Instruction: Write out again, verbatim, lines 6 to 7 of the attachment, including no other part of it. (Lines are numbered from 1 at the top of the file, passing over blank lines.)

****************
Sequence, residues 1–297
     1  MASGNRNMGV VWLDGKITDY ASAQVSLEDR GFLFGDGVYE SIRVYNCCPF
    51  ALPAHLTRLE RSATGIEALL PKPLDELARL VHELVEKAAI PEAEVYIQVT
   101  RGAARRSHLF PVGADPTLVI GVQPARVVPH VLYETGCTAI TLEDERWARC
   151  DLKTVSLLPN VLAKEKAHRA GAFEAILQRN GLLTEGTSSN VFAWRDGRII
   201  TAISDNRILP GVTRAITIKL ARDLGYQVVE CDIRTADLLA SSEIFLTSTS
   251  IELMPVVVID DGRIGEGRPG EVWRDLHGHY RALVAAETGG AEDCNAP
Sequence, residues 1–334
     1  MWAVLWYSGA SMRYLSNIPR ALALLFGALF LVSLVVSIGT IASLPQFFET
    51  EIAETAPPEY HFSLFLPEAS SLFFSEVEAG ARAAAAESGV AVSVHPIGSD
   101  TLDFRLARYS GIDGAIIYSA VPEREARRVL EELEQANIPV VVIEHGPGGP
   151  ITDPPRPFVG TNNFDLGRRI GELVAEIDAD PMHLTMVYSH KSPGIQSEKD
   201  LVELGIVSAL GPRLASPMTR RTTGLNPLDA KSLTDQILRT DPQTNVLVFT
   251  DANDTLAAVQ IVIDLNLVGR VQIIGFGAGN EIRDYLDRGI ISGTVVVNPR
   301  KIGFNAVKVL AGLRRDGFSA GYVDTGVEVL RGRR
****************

   201  TAISDNRILP GVTRAITIKL ARDLGYQVVE CDIRTADLLA SSEIFLTSTS
   251  IELMPVVVID DGRIGEGRPG EVWRDLHGHY RALVAAETGG AEDCNAP